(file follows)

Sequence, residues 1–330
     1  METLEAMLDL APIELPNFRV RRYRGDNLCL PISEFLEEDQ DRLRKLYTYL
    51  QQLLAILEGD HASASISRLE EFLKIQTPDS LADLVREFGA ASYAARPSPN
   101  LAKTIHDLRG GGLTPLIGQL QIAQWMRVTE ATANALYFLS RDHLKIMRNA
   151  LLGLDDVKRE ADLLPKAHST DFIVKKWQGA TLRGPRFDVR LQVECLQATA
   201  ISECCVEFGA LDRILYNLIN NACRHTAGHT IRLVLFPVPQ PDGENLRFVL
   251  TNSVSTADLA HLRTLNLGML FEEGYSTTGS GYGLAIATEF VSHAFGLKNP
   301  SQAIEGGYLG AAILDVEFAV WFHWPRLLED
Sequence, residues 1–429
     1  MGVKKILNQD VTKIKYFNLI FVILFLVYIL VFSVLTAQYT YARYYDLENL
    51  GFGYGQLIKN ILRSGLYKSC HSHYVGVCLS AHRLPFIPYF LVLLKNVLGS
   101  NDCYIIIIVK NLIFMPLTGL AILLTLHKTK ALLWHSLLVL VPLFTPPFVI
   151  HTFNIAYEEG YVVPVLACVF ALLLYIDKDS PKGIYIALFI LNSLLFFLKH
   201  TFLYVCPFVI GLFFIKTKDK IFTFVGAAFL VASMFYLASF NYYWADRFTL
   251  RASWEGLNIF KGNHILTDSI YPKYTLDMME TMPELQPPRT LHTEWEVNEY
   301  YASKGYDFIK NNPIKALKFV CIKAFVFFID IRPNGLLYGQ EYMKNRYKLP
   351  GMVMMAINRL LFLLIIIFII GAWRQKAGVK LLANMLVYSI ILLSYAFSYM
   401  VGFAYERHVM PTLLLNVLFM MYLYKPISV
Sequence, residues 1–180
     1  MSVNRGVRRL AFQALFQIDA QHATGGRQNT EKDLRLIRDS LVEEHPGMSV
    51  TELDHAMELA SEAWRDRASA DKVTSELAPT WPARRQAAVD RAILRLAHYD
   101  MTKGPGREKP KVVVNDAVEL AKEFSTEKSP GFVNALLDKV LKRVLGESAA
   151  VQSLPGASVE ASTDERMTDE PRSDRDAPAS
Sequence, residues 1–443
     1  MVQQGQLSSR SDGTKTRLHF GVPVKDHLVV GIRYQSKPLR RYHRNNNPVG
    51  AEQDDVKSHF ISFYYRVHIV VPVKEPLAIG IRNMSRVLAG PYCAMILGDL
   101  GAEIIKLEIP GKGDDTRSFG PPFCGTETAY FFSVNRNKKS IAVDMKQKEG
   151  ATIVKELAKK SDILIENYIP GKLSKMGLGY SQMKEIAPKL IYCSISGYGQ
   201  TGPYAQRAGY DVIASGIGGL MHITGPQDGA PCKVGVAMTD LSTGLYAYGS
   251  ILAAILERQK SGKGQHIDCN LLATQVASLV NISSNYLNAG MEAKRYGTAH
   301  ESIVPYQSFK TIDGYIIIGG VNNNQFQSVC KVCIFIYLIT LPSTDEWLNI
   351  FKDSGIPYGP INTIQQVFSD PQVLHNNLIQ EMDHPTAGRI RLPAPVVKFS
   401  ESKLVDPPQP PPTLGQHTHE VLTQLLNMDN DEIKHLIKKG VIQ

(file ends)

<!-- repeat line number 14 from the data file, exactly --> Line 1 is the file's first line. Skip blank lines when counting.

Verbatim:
   201  TFLYVCPFVI GLFFIKTKDK IFTFVGAAFL VASMFYLASF NYYWADRFTL